Whose Walk Is It Anyway?

How to Leash Train Your Dog Using the Loose Leash Method

I’m currently re-fostering Dude, a yellow lab mix that has become the sunshine in my life. He is a loving and intelligent 2-year-old, intent on pleasing and having fun. He’s been with Dogs 2nd Chance for about a year now and while he was very well-cared for, he hadn’t had the opportunity to experience formal obedience training or individual care and attention. This is common for rescue dogs considering the overpopulation of pets in the south and the filled-to-the-brim rescue groups and shelters.

The solution to that problem is more fosters, but that isn’t what this post is about so I digress; however, if I just gave you an aha! moment, click here to learn how you can also foster a rescue dog.

If you’ve read my previous post about Dude not wanting to come inside then you know that learning how to walk on a leash is a HUGE improvement for this pup. His confidence levels have increased tenfold in the last week; he has mastered the command sit, is no longer “head shy”, has built up confidence with meeting strangers and is now ruling the roost.

Now that he is comfortable in our home, we decided to move forward with his training. Dude’s biggest hurdle was walking on a leash. The first time we took him out on a leash was the equivalent of putting a 5-year-old behind the wheel of a car and telling him to drive. He had no clue what to do with this blue cloth thing attached to his neck other than to pull it and to pull it hard.

This is Dude after 10 minutes of Loose Leash Training:


As you can see, he is walking calmly by my side while the leash is dangling loosely. My grip is soft on the handle but clutched just enough to grab tightly if the need arises.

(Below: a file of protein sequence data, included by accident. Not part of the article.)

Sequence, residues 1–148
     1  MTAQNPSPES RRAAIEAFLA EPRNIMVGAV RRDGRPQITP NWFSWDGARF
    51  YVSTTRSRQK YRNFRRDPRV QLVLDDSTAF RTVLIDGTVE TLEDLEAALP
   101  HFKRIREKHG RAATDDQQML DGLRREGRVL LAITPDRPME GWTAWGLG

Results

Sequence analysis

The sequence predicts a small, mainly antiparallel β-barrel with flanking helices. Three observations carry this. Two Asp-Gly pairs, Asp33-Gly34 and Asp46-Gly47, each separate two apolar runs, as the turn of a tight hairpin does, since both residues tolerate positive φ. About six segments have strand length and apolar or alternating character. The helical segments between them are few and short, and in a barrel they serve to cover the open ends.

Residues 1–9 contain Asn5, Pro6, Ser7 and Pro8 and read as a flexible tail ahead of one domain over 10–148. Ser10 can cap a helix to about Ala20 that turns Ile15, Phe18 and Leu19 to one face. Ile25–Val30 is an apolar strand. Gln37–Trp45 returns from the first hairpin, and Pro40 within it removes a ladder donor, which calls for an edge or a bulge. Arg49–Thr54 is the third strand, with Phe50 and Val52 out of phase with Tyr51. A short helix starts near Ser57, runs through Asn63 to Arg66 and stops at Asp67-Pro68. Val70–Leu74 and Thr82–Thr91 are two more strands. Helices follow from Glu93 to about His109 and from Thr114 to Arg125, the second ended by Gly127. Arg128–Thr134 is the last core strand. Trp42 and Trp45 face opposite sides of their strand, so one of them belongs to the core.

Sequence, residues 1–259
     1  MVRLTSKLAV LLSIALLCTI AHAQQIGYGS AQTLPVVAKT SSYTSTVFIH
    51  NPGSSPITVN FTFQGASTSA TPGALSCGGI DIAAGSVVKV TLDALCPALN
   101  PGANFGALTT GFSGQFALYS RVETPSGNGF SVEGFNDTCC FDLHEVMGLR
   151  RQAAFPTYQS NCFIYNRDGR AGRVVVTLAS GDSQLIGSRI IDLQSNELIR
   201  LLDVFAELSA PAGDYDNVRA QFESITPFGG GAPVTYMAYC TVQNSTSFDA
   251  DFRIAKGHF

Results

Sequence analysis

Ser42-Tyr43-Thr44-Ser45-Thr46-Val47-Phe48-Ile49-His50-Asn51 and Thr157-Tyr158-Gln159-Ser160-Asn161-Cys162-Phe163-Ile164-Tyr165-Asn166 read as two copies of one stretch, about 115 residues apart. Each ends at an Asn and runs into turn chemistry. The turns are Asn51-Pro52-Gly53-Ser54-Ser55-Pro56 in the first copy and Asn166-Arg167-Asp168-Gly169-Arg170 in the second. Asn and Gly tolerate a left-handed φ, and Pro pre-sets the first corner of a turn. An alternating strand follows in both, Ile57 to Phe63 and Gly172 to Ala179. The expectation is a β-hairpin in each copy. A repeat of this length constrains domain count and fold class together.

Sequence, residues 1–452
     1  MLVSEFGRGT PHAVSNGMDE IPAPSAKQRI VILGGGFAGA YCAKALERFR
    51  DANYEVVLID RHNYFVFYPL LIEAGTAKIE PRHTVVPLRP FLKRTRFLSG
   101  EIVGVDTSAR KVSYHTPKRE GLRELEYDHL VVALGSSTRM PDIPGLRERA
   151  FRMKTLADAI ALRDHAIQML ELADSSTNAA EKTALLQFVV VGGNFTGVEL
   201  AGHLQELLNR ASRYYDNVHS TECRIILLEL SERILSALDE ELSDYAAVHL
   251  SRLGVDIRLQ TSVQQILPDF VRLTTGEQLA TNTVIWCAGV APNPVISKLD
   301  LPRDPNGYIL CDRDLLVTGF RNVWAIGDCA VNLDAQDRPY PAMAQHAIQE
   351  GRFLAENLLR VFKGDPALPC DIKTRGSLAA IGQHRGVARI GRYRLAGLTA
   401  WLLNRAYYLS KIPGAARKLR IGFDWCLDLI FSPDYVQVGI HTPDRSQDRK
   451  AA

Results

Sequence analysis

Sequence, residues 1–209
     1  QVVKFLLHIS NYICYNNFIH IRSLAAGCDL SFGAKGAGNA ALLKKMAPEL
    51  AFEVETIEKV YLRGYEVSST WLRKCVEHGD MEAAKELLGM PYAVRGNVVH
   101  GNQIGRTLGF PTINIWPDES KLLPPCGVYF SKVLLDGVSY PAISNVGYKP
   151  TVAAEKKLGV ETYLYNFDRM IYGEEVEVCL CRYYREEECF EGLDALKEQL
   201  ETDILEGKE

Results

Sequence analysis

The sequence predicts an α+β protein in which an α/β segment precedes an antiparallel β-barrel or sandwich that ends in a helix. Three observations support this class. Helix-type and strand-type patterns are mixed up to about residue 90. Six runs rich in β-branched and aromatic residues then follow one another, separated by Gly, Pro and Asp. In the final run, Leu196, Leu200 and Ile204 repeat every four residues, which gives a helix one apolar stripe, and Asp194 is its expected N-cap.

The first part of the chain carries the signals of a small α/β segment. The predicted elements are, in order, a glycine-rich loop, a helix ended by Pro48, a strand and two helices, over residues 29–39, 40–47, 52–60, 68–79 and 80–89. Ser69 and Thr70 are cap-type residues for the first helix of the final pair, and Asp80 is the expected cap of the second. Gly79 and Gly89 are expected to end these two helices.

Dude learned how to walk on a leash without the use of a choke collar, correction collar, shock collar or any other type of force training.

The Theory

To understand how to train your dog using the Loose Leash Method, it’s important that you first understand these three concepts:

1. Positive Reinforcement Training

In short, Positive Reinforcement Training is based on the idea that an action that is positively rewarded will be repeated. For dogs, a reward is praise or a treat; therefore, when your dog does what you want him to do, you reward with either praise or a treat. This encourages a positive and healthy relationship with your dog where he will want to please you because it’s rewarding, not out of fear or pain.

2. Associative Learning

Dogs don’t really understand when they’ve done something wrong or right, they only understand the association between what they’ve done and what happens afterwards.

For example:

Toto pees in the bedroom. Mom comes running in yelling, screaming, rubs Toto’s face in the urine and then sends him outside.

Toto’s thoughts:

I needed to pee, and oh, it felt so relieving to do it! But Mommy yelled at me and sent me outside so I guess peeing in front of her is bad. Next time, I’ll pee where she can’t see me.

Take Two:

Toto pees in the house. Mommy sighs, cleans it up, ignores Toto and then takes him outside. When Toto pees outside, Mommy gives him a treat and praises him, every single time.

His thoughts?

When I peed inside, Mommy ignored me. When I peed outside, she gives me treats and praise; therefore, I will do it outside because it’s more fun!

You seem skeptical. Try it, you’d be surprised how quickly it works.

Note: It will go even faster if you stay one step ahead of the game and take your dog outside frequently so he never even has the chance to learn how to pee inside.

So how does this tie into leash training?

Simple. First of all, when your dog pulls on the leash, you shouldn’t pull back.

Think about it. If someone grabbed your arm and pulled you, what would your reaction be? To pull back away from them!

Secondly, when you yank back and yell at your dog, he/she is only learning that walking beside you is unpleasant. Just like Toto learned that peeing in front of his Mom is unpleasant. Your dog is not understanding what you are asking of him, just that he doesn’t like what happens afterwards.

Your dog needs to learn that walking beside you is MUCH more fun than pulling you down the street. Just like Toto learned that peeing outside is much more fun than peeing inside.